Numbers as art. This simple painting of numbers creates an immediate graphic statement in the room. Typography, whether numbers of letters, provides structure to the piece and gives viewers something to ponder. Is there a pattern in the art? Would be fun to figure that out.

Geometry extends our mathematics theme. One of my favorite classes in high school was geometry. I love the idea of structure and angles, intersections and degrees. Geometric designs in interiors are the known played against the unknown (pattern against the chaos). This simple geometric light fixture plays nicely with the less structured pattern in the drapery and bedding.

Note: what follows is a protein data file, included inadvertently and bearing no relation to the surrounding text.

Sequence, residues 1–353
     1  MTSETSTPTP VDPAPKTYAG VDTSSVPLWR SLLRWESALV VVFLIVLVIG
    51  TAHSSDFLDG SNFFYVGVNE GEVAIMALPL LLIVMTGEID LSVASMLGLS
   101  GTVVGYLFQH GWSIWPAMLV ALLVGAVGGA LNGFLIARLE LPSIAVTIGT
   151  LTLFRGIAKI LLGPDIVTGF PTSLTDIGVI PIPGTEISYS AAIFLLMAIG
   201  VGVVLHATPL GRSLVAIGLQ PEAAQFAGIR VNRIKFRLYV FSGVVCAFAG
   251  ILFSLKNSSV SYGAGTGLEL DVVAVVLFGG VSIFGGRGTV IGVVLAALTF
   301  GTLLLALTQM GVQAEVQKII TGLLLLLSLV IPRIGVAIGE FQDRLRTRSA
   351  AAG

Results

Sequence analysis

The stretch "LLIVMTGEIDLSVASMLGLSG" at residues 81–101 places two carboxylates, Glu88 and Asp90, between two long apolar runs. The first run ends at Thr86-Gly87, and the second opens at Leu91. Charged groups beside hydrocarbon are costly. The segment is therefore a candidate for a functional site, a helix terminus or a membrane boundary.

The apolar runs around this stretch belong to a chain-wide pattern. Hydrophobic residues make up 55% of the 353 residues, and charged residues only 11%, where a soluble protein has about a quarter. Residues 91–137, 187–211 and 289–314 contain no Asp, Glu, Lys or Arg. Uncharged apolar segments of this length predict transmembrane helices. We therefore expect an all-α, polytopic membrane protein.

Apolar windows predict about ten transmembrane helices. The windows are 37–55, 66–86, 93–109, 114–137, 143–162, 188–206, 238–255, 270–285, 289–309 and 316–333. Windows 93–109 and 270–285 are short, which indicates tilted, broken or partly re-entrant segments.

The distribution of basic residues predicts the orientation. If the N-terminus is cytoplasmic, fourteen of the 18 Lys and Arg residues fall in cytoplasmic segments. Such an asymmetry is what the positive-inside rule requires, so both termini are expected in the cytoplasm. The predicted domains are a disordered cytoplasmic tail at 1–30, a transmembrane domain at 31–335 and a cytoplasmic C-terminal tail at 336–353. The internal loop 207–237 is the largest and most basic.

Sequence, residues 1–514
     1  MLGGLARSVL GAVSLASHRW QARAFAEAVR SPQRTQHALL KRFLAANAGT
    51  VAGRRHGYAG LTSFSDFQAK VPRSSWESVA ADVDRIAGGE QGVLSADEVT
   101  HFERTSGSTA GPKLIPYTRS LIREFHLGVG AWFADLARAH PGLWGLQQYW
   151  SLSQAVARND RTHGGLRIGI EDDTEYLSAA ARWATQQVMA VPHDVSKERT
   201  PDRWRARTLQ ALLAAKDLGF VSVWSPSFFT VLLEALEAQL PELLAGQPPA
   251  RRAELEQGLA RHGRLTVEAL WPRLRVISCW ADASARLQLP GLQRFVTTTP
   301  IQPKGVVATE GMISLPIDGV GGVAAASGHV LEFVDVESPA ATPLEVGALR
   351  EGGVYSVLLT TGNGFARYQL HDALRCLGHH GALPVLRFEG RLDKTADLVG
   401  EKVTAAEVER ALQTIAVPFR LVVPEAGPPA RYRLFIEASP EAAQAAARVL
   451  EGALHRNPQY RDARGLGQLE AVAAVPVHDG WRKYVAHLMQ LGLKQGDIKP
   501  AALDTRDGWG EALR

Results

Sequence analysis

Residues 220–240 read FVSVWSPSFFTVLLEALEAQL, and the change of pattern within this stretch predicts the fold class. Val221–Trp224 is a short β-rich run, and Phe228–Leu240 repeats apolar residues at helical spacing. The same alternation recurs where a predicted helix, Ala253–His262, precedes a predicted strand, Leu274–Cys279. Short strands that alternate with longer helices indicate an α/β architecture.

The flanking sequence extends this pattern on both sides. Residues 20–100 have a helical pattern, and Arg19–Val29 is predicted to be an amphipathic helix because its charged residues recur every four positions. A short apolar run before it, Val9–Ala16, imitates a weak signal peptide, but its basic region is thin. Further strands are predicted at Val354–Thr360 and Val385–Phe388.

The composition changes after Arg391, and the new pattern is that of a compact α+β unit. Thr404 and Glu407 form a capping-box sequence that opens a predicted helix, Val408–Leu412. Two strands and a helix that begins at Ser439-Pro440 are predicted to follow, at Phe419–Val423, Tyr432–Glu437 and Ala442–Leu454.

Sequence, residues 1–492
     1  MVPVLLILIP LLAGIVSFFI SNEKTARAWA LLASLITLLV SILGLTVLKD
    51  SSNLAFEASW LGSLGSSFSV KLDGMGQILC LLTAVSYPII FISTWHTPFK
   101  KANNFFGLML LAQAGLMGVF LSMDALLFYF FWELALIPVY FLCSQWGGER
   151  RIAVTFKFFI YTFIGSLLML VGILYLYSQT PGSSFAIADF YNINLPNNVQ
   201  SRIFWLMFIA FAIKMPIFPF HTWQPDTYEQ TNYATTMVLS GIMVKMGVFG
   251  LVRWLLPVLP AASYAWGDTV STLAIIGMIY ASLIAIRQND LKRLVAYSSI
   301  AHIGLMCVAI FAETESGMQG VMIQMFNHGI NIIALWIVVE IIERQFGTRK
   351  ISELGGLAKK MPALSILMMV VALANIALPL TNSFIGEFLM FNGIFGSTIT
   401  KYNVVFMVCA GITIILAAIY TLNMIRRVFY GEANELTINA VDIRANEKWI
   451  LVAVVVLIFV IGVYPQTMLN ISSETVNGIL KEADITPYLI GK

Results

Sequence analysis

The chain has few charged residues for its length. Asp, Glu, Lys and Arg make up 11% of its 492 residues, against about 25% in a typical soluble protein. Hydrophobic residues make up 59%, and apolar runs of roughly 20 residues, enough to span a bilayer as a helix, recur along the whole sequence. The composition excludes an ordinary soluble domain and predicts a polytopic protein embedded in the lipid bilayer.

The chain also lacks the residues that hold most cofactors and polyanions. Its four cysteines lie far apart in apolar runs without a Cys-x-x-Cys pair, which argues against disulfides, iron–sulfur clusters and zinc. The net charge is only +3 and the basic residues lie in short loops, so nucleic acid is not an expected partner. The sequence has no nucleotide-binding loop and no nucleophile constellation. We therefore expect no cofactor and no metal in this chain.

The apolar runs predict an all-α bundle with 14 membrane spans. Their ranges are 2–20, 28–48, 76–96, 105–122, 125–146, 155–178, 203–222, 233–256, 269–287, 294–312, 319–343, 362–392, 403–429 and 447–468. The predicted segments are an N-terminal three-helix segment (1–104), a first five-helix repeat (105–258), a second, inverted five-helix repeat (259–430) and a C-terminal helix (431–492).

Molecules are the building blocks. The design of this dining room is set off completely by the molecule inspired chandelier by Lindsey Adelman. From there you can see the cell inspired fabric in the chairs and the geometric design in the rugs. Simple structures all in an elegant setting.

The great biology experiment. For the slightly more macabre, go with a Frankenstein-inspired look. This desk area is decorated with jars of aquatic specimens. Who knows what ghastly creatures could be thought up in such a lab - followed by sinister scientist's laugh.

I hope these ideas have inspired you to bring either math or science into you interior design. I know I'm thinking about ways to bring these into my own home.

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High Point - Gold Paradise